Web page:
Jansen and friends bring romantic spirit to Carnegie program

Mon Jan 22, 2018 at 2:56 pm
Janine Jansen performed with Jean-Yves Thibaudet in her "Perspectives " program Sunday at Carnegie Hall. Photo: Steve J. Sherman

Janine Jansen performed with Jean-Yves Thibaudet in her “Perspectives ” program Sunday at Carnegie Hall. Photo: Steve J. Sherman

One of Carnegie Hall’s signature projects is the “Perspectives” series, a chance for guest artists to curate multiple concerts, according to no rules but their own. Often this means a chance to hear a performer advocating for works of personal interest, that might not otherwise be heard. That was very much the case with Janine Jansen’s penultimate “Perspectives” concert this season, as she was joined for a Sunday matinee of Romantic chamber music by piano star Jean-Yves Thibaudet and the talented young Dover String Quartet.

The most celebrated piece on the program was the opener, Debussy’s Violin Sonata, and the performance given by Jansen and Thibaudet was just about ideal. A brilliant array of colors was on display right from the start of the opening Allegro Vivo. The glassy sound so associated with musical impressionism was certainly in evidence, but Jansen balanced it well with smoky richness and delicious portamentos on the lower strings. Jansen is a rhapsodic player—she takes a free-ranging approach to the music, but the purpose of her choices is always clear. Thibaudet, no surprise, was expert in creating rippling textures, and just as convincing in broader, more aggressive material.

The second movement, “Intermède,” was a playful contest between tripping excitement and pensive calm. In the thrilling Finale, Jansen showed off her instrument’s full range, while Thibaudet showed a superb contrast between the murky sounds at the bottom of the keyboard and glittering brightness at the top.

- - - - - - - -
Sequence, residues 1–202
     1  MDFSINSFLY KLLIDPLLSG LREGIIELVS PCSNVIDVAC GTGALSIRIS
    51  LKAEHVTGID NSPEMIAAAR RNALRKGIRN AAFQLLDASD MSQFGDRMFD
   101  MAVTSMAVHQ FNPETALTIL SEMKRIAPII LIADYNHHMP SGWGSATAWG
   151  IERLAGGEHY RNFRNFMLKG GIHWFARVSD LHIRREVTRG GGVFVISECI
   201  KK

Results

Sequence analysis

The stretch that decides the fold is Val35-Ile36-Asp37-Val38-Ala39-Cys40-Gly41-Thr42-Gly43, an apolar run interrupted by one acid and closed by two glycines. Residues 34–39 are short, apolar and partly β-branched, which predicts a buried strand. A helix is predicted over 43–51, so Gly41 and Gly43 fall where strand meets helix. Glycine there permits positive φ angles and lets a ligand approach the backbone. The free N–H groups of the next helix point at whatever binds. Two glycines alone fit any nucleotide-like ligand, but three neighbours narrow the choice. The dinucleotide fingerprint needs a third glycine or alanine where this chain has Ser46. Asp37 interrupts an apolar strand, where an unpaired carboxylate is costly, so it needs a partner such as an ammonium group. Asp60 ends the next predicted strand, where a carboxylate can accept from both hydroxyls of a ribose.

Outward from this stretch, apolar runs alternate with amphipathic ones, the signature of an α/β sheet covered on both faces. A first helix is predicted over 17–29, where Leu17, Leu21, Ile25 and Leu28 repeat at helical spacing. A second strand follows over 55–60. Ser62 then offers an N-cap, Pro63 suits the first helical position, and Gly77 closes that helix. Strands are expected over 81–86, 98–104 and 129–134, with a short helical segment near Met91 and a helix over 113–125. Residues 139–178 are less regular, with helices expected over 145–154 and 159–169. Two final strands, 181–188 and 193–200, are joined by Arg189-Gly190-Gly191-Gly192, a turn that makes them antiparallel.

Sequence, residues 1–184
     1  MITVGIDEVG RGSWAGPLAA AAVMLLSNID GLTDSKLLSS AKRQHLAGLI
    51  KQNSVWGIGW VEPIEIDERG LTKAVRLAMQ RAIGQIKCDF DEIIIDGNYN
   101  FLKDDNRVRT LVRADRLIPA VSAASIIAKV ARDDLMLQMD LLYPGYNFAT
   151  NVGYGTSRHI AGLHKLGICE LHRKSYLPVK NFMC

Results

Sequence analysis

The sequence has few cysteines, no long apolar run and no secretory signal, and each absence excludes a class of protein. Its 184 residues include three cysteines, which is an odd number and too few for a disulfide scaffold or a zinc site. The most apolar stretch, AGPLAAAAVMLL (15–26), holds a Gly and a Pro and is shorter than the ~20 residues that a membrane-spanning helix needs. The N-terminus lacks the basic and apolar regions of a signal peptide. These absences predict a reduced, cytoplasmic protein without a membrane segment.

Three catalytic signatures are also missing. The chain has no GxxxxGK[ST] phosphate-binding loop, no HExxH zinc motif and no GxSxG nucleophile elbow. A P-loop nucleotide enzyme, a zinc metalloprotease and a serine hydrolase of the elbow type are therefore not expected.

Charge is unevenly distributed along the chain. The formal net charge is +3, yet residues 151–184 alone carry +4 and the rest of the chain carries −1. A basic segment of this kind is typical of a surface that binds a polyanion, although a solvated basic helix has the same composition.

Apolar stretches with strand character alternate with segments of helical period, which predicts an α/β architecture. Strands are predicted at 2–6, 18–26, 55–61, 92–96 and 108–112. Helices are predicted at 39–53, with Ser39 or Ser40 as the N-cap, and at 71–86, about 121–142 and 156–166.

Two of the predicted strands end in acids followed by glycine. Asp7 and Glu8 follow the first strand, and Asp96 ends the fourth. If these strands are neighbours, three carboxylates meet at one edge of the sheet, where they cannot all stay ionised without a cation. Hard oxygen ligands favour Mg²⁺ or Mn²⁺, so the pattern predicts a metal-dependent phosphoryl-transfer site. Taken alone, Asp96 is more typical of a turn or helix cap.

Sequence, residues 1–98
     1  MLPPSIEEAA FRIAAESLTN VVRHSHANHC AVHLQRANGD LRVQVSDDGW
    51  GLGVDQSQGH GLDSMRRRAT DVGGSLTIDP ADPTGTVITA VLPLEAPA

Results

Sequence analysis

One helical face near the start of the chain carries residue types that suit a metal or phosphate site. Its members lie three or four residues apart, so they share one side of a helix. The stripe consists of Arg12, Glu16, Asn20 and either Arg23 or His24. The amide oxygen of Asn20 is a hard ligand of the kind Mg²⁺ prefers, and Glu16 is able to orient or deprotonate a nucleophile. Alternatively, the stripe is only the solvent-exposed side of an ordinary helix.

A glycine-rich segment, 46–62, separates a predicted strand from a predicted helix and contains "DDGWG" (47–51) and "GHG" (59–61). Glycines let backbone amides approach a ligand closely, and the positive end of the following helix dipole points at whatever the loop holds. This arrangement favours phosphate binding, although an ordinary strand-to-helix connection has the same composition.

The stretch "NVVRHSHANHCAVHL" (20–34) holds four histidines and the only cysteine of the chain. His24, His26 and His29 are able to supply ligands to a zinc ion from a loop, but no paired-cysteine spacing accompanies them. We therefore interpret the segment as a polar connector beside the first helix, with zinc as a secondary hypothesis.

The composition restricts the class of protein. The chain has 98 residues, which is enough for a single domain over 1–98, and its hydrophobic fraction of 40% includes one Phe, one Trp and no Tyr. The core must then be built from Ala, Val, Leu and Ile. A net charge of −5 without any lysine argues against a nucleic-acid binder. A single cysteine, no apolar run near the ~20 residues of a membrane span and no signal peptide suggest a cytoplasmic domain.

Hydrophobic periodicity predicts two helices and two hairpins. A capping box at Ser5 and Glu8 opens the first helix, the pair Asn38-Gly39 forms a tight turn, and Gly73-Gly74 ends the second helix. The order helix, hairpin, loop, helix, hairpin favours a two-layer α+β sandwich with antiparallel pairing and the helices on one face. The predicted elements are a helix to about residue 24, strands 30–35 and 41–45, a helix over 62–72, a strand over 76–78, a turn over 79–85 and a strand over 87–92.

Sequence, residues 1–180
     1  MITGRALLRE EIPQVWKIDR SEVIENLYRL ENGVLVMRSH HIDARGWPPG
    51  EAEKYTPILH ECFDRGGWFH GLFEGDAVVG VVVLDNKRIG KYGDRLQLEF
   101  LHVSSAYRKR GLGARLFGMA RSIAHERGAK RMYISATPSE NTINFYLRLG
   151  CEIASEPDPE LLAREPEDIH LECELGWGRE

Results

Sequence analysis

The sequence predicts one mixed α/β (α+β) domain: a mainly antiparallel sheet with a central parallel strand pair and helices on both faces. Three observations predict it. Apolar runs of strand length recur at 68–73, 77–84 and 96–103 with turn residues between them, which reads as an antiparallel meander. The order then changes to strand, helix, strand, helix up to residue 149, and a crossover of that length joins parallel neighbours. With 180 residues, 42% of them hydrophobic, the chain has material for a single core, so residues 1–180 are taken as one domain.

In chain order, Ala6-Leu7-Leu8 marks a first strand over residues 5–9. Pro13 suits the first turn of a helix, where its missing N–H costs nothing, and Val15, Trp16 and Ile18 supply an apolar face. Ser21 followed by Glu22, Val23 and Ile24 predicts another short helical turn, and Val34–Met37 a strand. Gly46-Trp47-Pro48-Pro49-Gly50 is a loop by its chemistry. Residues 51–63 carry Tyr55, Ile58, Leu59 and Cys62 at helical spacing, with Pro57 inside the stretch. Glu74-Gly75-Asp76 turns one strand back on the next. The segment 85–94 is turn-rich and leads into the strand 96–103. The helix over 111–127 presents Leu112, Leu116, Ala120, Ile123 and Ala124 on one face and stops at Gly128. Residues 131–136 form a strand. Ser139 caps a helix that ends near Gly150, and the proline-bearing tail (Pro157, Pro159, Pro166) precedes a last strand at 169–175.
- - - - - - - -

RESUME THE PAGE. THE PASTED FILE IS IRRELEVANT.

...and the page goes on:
The first half of the program was rounded out by Grieg’s Violin Sonata No. 2 in G Major, a more straightforwardly Romantic piece than the Debussy. Both players exhibited a sense of fun in their music-making, using excited, hushed moments to set up bursts of joy. The Allegretto tranquillo, its marking aside, was bracing, and the last movement showed capricious, fast-flying whimsy. In a performance like this one, there is no question that Jansen has the soul of a Romantic violinist: there is a wild spirit to her playing to which she is never afraid to give free rein.

The afternoon closed with Ernest Chausson’s Concert for Violin, Piano, and String Quartet. It’s odd to think that this intriguing piece was written as early as 1889: its open sonorities and unresolved dissonances feel like they come from the heady transition of late Romanticism into modernism. The first movement, based on a three-note open chord, showed tight ensemble from the Dover Quartet, and gutsy work by Jansen, playing deep into the string.

Lovely pulses and flowing tenderness characterized the Sicilienne, moving into the devastating emptiness of the Grave. Here, a somber, simple melody in the violin opens over essentially a one-voice piano accompaniment with a chilling pedal tone. The quartet mostly serves as accompaniment, yet the rich textures created by Dover were essential to the overall composition of the piece. The initial simplicity of this movement grew eventually into intense melancholy, a hair-tearing kind of sorrow, for the most gripping playing of the afternoon.

The finale featured nimble, bright playing by Thibaudet, accompanied by enormous sound from the combined strings. Dover ably handled the quick relays of their rapidly twisting accompaniment. The combination of virtuosity and attentive, sensitive chamber playing exhibited by all six performers on Sunday was a rare and wonderful thing.

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